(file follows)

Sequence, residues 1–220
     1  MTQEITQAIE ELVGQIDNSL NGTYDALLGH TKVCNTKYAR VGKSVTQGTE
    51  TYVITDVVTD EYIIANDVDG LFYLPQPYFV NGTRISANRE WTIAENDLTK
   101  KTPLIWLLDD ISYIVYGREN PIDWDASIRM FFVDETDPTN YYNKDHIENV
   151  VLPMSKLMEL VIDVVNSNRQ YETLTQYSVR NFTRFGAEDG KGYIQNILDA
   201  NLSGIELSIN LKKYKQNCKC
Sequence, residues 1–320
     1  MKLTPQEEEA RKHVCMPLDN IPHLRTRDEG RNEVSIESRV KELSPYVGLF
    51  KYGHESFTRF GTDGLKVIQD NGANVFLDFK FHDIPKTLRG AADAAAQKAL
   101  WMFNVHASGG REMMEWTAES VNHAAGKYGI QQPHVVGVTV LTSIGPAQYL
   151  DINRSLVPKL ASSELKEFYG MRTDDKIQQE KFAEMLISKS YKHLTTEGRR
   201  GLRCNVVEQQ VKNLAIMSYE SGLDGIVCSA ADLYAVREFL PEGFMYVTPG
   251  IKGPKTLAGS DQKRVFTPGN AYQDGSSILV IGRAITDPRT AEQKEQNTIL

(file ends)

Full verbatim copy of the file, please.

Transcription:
Sequence, residues 1–220
     1  MTQEITQAIE ELVGQIDNSL NGTYDALLGH TKVCNTKYAR VGKSVTQGTE
    51  TYVITDVVTD EYIIANDVDG LFYLPQPYFV NGTRISANRE WTIAENDLTK
   101  KTPLIWLLDD ISYIVYGREN PIDWDASIRM FFVDETDPTN YYNKDHIENV
   151  VLPMSKLMEL VIDVVNSNRQ YETLTQYSVR NFTRFGAEDG KGYIQNILDA
   201  NLSGIELSIN LKKYKQNCKC
Sequence, residues 1–320
     1  MKLTPQEEEA RKHVCMPLDN IPHLRTRDEG RNEVSIESRV KELSPYVGLF
    51  KYGHESFTRF GTDGLKVIQD NGANVFLDFK FHDIPKTLRG AADAAAQKAL
   101  WMFNVHASGG REMMEWTAES VNHAAGKYGI QQPHVVGVTV LTSIGPAQYL
   151  DINRSLVPKL ASSELKEFYG MRTDDKIQQE KFAEMLISKS YKHLTTEGRR
   201  GLRCNVVEQQ VKNLAIMSYE SGLDGIVCSA ADLYAVREFL PEGFMYVTPG
   251  IKGPKTLAGS DQKRVFTPGN AYQDGSSILV IGRAITDPRT AEQKEQNTIL